There's not a whole lot to see on the front of the SB-800. The flash head rotates 270 degrees horizontally, and 90 degrees vertically, letting you bounce the flash pretty much wherever you might need to when it's mounted on the camera. at the bottom of the front panel is a red-tinted window that hides the bright AF illuminator. This is a very bright red LED that's behind a diffraction grating. When enabled, it projects a crosshatched pattern whenever the camera's AF illuminator would normally trigger. Useful AF range will vary with the lens and aperture in use, but Nikon rates the range at 33 feet (10 meters) with a 50mm f/1.8 lens. Not shown in these photos is the included optional Quick Recycling Battery Pack, which attaches to the right side of the SB-800. (As viewed from the rear, on the left side in the photo above.) This is simply a small plastic compartment that attaches to the side of the SB-800, in place of its battery compartment cover. It carries an additional AA cell, boosting the total battery voltage, and reducing cycle times by about 25%. (Full-power recycle time with freshly-charged NiMH AA cells is nominally about 4.0 seconds. Adding a fifth cell in the Quick Recycling Pack drops that to about 2.9 seconds. Recycle time for less than full-power shots is proportionately faster.)

Also visible on the front of the unit is a small plastic cover that protects the external power terminals. These accommodate any of three different external power packs that Nikon sells, which provide both faster recycling (down to 2.0 seconds for full-power shots) as well as greater battery life.

Just visible on the right side of the flash (left in the photo above) is the small rubber flap that protects the external sync contacts. There are two sets of contacts here, a standard PC terminal, and a proprietary 3-terminal connector for use with Nikon's flash extension cords.

The rear of the SB-800 reveals its LCD panel and controls. At lower right is the on/off switch, with the Ready indicator light just below it. The lever that locks the strobe to the camera's hot shoe is at the bottom, and a red button labeled Flash at lower right is for test-firing the strobe. The gray button above the LCD triggers the flash in a modeling light mode, a very rapid series of strobe pulses that blend visually to produce a near-continuous illumination of the subject, so you can check lighting and shadows.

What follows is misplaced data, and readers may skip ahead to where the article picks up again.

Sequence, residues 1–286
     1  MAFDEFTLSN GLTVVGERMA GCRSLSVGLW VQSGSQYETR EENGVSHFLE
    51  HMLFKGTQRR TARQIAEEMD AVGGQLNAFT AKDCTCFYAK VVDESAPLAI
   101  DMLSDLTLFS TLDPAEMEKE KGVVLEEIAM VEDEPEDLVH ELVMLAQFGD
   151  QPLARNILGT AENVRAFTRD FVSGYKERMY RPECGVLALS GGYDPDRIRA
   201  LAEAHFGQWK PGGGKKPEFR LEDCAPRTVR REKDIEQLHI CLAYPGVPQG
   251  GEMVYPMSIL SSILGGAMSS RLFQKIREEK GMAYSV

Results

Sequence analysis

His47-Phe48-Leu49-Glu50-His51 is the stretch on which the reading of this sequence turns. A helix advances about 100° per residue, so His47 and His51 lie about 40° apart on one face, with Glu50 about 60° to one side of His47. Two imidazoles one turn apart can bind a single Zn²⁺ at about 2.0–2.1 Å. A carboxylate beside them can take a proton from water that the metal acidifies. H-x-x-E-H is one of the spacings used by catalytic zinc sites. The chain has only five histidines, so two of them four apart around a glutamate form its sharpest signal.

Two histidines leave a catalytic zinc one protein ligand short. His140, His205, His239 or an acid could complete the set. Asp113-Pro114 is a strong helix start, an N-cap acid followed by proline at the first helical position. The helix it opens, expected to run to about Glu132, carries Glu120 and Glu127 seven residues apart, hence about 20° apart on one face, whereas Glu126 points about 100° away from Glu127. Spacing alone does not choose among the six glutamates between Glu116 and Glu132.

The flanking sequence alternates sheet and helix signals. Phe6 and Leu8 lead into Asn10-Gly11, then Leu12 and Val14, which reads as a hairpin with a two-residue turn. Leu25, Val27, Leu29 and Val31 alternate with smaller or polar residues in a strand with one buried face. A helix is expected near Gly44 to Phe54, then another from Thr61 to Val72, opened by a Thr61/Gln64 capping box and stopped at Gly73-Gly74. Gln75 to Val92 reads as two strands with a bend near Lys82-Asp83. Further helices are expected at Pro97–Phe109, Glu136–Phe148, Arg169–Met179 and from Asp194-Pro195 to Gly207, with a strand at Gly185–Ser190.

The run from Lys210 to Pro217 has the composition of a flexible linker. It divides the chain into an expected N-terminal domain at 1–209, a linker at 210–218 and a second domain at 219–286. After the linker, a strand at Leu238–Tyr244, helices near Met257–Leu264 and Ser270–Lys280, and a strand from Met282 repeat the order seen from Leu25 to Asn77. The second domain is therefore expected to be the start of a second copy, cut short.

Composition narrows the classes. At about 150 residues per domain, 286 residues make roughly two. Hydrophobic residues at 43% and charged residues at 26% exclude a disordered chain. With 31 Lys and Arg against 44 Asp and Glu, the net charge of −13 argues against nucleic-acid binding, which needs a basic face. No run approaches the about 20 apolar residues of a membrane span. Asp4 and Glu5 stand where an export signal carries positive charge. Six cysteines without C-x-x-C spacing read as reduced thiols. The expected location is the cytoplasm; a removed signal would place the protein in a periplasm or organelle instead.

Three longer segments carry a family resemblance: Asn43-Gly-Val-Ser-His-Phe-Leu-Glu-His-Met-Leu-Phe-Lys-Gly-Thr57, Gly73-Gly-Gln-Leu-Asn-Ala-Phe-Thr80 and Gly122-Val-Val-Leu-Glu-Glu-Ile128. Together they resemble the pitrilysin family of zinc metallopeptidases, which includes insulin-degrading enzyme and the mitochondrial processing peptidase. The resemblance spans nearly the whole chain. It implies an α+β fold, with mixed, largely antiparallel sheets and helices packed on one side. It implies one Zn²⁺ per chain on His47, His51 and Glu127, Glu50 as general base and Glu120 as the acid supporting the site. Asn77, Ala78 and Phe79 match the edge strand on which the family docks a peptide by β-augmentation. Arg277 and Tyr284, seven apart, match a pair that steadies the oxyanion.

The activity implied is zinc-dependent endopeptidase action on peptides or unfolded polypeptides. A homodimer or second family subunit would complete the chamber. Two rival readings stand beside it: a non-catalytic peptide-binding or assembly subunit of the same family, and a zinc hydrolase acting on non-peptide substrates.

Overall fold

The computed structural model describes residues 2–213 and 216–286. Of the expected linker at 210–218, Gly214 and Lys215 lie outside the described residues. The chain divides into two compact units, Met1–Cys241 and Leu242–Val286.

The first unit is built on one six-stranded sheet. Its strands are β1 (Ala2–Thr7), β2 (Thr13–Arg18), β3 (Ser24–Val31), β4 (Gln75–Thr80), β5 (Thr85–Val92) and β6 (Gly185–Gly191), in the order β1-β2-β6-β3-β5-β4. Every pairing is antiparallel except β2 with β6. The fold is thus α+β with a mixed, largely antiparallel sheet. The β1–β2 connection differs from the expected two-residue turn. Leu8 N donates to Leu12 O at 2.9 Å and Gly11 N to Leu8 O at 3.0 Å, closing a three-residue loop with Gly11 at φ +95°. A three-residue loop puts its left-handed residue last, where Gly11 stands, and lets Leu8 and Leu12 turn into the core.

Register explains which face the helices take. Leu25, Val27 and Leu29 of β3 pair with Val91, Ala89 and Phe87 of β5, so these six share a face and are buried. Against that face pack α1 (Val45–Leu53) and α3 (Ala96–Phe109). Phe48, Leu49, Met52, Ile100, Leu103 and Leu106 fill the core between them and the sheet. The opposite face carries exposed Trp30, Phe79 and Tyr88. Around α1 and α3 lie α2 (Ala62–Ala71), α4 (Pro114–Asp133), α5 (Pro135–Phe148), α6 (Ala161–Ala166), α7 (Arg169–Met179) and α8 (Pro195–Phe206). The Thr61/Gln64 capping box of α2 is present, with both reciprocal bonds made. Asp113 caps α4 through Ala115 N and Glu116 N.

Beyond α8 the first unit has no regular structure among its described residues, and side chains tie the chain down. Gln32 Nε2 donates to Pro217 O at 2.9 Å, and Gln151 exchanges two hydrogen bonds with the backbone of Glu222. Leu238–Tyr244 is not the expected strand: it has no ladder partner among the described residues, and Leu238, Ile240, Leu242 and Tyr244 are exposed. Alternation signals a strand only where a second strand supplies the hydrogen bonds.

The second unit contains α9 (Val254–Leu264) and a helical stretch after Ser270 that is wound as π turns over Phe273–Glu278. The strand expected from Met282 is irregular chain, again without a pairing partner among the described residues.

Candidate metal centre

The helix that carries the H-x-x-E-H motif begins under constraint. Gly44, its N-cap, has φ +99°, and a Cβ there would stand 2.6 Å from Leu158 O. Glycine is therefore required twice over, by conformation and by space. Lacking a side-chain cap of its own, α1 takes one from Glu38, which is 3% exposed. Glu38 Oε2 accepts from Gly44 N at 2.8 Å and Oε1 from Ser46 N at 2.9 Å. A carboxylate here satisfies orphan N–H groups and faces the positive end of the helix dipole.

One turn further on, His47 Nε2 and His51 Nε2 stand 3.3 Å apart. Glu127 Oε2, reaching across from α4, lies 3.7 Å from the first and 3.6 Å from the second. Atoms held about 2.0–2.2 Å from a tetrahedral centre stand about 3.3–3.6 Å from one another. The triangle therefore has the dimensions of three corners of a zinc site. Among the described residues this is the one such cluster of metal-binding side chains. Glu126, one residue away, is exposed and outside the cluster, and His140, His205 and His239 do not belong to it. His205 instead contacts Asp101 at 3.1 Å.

Below the LCD, a Mode button selects from among the SB-800's various operating modes. Options include TTL, Manual, Auto Aperture, Guide Number (essentially a finer-grained manual adjustment), and RPT, or repeating, in which you can program the unit to deliver a specific number of stroboscopic pulses, at rates ranging from 1 to 100 flashes per second. (The number of flashes will vary as a function of flash rate and power level. Power can be adjusted from 1/8 to 1/128 of maximum, and the number of flashes can be varied from one to as many as 90.)

At the bottom center of the rear panel, a 5-way rocker switch is used for navigating LCD menu items and manually adjusting the SB-800's zoom head. The angular coverage of the SB-800 can be adjusted to match the field of view of a 24-105 mm lens on a full-frame 35mm camera. A wide-angle diffraction lens can be pulled out from above the flash lens and flipped down over it to accommodate lenses as wide as 14mm. Pressing the center of the rocker control actuates the Set button, which confirms menu choices. Pressing and holding the Set button for more than 2 seconds calls up a hidden menu that lets you switch the flash between normal, master, and remote operation, as well as set a variety of other less-frequently accessed flash parameters such as default ISO, LCD contrast and backlight, etc.